Far from the straightforward termination procedure South African women are entitled to by law, Babawal endured a living nightmare – which eventually led to her suffering a nervous breakdown. Nine years later, she’s still struggling to come to terms with the horror of that day. You see, the clinic that Babawal went to was operating illegally, and the woman performing her termination had no medical training and was unqualified to carry out the procedure or prescribe medication. She was a criminal more interested in fast cash than in Babawal’s mental or physical wellbeing. The clinic was not a medical facility but a rented house that served as a front for one of a growing number of illegal cash-for-abortion outfits popping up around inner cities.

According to global reproductive health group Marie Stopes International, between 52 and 58% of the estimated 260 000 abortions* that take place in South Africa every year are illegal. These abortions are carried out by criminals masquerading as medical practitioners, with devastating consequences that include complications such as infection, infertility and, in extreme cases, death. These clinics offer no aftercare (Babawal was sent home the same day with a sanitary pad and an aspirin) and sever ties with a patient the second she leaves the clinic. With no land line to contact, it’s not unusual for a patient to discover the clinic’s mobile-phone number has been switched off or changed after she has attended. ‘These fly-by-night providers, who women contact either via text or online, often disappear when it’s time to assist further or to provide basic aftercare or deal with clinical complications that may arise,’ says Andrea Thompson, advocacy and engagement manager for Marie Stopes South Africa, an organisation that offers safe, legal abortions. ‘It is heartbreaking to hear what Babawal went through and that she didn’t have the support of a clinical expert to guide her through the process.’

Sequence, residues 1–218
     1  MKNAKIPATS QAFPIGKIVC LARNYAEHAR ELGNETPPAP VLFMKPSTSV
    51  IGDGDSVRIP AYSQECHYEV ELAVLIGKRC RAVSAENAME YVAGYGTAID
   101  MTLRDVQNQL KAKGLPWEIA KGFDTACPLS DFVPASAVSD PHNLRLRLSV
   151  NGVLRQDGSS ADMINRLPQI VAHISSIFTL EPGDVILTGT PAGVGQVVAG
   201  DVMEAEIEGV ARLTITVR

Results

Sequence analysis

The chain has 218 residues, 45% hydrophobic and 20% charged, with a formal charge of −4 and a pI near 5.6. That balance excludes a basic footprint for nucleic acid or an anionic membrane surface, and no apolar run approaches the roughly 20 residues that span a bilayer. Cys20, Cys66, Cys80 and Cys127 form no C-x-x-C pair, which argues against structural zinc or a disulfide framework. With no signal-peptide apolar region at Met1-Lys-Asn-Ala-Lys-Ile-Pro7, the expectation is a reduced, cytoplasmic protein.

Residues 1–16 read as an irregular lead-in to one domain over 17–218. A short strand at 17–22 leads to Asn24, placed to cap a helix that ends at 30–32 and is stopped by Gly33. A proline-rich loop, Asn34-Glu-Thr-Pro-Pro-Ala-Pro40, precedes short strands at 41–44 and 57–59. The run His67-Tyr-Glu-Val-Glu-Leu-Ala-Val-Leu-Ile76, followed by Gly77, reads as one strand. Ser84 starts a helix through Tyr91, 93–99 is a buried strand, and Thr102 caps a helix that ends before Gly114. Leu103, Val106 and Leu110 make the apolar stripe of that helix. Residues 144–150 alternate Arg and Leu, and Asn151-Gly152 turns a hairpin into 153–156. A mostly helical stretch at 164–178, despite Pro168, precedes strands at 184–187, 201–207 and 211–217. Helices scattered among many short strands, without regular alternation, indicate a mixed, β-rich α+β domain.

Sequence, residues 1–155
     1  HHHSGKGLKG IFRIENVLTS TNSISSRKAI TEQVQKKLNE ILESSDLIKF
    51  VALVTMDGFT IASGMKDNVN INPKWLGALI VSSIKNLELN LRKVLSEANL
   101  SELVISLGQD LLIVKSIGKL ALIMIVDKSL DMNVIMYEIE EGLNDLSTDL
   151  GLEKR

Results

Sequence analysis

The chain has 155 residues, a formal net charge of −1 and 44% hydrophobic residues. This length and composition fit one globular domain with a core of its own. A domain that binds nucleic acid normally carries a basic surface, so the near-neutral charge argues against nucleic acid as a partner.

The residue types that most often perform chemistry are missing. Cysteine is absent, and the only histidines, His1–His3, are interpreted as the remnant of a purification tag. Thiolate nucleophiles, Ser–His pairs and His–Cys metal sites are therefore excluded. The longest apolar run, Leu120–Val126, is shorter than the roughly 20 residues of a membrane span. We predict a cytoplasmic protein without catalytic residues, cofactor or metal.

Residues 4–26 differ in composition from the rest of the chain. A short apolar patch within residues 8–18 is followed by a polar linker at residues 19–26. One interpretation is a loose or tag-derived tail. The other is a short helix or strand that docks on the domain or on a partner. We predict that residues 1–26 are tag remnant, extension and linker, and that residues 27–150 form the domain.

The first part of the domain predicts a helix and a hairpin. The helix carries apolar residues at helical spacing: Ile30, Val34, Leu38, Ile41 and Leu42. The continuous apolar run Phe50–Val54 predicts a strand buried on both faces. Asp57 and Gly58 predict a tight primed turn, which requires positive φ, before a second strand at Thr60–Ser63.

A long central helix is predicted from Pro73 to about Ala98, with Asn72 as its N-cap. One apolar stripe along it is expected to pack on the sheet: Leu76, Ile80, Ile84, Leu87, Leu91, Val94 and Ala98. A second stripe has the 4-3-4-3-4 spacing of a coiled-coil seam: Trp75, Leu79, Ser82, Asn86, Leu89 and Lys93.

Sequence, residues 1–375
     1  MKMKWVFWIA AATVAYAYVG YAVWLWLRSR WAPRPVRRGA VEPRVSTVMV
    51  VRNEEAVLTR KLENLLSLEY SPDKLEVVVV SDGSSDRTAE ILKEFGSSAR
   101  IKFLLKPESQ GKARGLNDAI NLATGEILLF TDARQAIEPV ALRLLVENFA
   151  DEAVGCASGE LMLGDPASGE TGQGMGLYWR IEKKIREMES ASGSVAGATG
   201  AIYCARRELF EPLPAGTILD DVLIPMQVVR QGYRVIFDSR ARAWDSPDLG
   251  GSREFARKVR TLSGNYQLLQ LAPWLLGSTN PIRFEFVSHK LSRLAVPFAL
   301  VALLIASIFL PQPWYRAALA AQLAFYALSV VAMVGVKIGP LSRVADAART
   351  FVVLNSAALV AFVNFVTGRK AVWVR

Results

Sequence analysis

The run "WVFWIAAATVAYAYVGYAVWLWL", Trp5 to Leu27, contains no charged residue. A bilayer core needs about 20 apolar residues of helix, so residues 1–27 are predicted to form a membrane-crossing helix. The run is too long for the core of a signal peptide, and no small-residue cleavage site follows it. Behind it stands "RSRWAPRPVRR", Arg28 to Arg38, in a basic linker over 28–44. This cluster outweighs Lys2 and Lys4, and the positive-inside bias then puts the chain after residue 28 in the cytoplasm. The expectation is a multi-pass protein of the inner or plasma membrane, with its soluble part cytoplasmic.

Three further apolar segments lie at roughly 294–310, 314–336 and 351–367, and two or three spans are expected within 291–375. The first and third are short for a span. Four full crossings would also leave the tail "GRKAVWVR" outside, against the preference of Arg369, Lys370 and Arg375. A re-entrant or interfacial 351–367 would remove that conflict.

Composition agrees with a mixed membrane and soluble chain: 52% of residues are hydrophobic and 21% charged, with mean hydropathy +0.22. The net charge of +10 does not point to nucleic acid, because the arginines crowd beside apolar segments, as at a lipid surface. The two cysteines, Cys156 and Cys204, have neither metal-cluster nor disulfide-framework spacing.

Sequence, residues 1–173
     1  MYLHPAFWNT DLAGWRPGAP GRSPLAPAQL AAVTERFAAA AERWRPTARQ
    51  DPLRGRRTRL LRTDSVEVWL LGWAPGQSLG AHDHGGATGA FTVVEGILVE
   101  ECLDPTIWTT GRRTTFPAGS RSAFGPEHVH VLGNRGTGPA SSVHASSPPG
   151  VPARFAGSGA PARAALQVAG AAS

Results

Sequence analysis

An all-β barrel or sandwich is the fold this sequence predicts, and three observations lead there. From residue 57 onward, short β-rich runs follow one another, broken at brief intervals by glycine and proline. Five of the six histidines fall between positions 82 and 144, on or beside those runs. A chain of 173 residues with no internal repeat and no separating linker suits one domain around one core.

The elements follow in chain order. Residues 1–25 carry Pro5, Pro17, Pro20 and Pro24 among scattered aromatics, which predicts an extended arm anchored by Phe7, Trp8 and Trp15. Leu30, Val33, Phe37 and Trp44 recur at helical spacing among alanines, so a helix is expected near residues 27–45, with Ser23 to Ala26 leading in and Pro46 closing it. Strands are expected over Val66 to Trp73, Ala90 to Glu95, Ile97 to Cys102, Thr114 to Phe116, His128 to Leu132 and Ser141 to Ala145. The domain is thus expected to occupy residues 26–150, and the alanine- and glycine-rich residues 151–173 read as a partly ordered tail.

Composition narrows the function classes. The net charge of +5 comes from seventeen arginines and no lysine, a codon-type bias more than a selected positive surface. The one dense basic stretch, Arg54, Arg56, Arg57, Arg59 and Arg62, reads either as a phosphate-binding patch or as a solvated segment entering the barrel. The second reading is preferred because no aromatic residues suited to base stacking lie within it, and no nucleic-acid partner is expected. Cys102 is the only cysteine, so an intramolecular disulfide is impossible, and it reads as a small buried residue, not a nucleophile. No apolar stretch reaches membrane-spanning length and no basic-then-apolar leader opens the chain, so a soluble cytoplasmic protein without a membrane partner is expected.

Babawal is one of the ‘lucky’ ones: her ordeal could have been much worse. According to Thompson, complications that can arise from unsafe abortions include severe bleeding, uterine perforation, the tearing of the cervix, severe damage to the genitals and the abdomen, internal infection of the abdomen and the reproductive tract, pelvic inflammatory disease and blood poisoning.

You only have to look at the flyers and billboards freely advertising fast-fix abortions in unregulated clinics to see just how widespread the problem is. These illegal practices are so overt with their marketing, you could easily mistake an illegal operation for a legit clinic. ‘Don’t be fooled by the term “backstreet abortion”,’ says Thompson. ‘These individuals are getting more slick, putting up legitimate-looking websites and even offering delivery services. But women need to know it’s not safe to simply buy medical abortion pills without having a proper consultation and assessing the stage of their pregnancy. It’s not safe to have a surgical procedure done outside of a proper medical facility.’